Post Traumatic Stress Disorder

By: Charles D. Hankey

In recent years, there has been an increase in cases of Post Traumatic Stress Disorder (PTSD). Many of our clients have PTSD. Many more have symptoms of it, but have never been formally diagnosed.

PTSD can be caused by experiencing traumatic events such as natural disasters, war, domestic violence, sexual assault, and car crashes. PTSD can include physical symptoms such as insomnia, sleeping too much, headaches, stomach problems, and obesity. It can have cognitive symptoms such as difficulty concentrating, problems making decisions, being easily distracted, memory problems, and problems solving problems. It can also have emotional symptoms such as depression, anxiety, panic attacks, fear, guilt, numbing, anger, isolation, violent outbursts, and excessive worry. It can promote substance abuse, cause nightmares, intrusive thoughts, and flashbacks. If you have PTSD you may have difficulty around loud noises or loud voices. You may be uncomfortable in crowds, you may withdraw from friends and family, people who know you may notice personality changes. Most people being experiencing symptoms of PTSD shortly after the event that causes it, but sometimes it can take months or years to show itself. For many people a later event brings back the memories of the original event and triggers the onset of PTSD symptoms. Many people try to ignore and hide their symptoms because they are ashamed or embarrassed by them.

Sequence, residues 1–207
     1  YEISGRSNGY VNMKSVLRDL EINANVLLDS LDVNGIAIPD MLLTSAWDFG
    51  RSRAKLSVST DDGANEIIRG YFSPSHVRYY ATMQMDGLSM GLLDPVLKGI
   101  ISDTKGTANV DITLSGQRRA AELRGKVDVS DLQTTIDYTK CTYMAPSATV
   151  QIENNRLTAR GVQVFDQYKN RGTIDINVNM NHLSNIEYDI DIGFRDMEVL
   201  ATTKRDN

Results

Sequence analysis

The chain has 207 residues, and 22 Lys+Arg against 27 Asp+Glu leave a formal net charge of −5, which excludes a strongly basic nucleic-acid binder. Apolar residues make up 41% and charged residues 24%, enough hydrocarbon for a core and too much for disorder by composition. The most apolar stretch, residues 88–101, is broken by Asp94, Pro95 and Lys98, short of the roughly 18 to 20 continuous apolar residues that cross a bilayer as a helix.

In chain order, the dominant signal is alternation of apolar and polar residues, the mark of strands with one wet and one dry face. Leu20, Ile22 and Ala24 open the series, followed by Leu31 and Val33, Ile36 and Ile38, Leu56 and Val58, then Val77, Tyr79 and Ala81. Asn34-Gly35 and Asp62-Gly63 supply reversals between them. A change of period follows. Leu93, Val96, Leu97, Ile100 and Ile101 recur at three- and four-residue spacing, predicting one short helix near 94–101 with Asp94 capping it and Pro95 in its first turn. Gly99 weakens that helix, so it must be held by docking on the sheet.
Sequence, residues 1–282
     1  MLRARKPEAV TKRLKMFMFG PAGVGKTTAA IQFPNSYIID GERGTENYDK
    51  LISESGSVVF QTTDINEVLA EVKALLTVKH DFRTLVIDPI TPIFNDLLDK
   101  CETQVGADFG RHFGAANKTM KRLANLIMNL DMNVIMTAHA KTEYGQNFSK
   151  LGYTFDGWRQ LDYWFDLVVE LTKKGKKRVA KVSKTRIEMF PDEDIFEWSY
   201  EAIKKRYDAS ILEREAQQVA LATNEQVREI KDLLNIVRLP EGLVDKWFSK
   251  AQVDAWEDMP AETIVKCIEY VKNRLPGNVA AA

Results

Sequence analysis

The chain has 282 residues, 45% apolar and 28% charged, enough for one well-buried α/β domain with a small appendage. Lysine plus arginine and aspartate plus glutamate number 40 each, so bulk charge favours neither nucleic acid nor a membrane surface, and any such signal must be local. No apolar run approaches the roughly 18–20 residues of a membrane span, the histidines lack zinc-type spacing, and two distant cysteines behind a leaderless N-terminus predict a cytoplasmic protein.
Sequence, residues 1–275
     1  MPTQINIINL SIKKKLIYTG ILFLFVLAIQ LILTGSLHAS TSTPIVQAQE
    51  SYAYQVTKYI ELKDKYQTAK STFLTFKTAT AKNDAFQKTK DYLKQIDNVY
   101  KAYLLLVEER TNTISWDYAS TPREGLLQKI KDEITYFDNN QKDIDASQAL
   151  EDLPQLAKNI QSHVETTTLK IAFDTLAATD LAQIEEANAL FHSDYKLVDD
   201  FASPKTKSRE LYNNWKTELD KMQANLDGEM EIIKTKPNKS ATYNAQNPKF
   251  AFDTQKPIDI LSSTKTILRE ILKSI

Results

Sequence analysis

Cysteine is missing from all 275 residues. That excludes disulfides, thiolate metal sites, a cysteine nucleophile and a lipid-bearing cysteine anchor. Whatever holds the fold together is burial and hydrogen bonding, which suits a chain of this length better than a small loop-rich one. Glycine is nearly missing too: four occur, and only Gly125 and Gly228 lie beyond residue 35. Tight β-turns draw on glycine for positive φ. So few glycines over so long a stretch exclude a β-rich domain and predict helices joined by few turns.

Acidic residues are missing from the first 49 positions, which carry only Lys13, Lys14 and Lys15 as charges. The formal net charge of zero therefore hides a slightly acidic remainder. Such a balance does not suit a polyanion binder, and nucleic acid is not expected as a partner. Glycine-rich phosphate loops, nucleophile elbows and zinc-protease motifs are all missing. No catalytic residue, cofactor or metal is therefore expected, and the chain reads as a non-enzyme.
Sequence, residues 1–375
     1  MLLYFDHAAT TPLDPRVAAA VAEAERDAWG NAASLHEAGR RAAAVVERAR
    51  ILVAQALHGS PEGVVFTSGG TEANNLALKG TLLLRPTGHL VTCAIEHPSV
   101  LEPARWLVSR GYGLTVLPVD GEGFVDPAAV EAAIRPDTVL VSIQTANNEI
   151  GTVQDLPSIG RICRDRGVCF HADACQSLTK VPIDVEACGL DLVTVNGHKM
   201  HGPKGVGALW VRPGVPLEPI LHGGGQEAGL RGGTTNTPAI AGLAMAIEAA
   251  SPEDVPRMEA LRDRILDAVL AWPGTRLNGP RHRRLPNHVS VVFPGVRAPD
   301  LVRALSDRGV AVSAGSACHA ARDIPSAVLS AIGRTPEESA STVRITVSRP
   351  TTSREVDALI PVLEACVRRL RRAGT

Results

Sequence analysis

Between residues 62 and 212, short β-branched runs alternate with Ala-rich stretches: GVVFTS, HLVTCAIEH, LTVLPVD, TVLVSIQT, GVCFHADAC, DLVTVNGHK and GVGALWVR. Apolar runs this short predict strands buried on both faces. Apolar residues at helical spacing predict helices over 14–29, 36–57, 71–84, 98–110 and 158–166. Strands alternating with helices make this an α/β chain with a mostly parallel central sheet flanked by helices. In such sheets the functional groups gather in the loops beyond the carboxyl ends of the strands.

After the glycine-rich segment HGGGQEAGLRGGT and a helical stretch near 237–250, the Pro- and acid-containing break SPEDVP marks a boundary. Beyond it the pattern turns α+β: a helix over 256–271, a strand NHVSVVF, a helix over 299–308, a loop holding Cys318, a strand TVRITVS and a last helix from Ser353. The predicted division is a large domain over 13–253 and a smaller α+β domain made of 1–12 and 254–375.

If this describes you, please seek treatment from a mental health practitioner. If you are diagnosed with PTSD or any other cognitive disorder, please let us know immediately, so that we can get records documenting that to help support your disability case. If your mental health practitioner would be willing to fill out a form, let us know. If you and your mental health practitioner agree that you are unable to carry out simple instructions, respond appropriately to supervision, and deal with changes in a routine work setting, those restrictions can substantially impact your ability to work, especially if they are combined with physical problems.

The addition of PTSD to your case, combined with records of treatment for it and a doctor’s statement on how it impacts your ability to function can often tip the balance between being awarded benefits and not. Please, it may be difficult for you, but if you are experiencing PTSD symptoms, seek treatment and notify us immediately.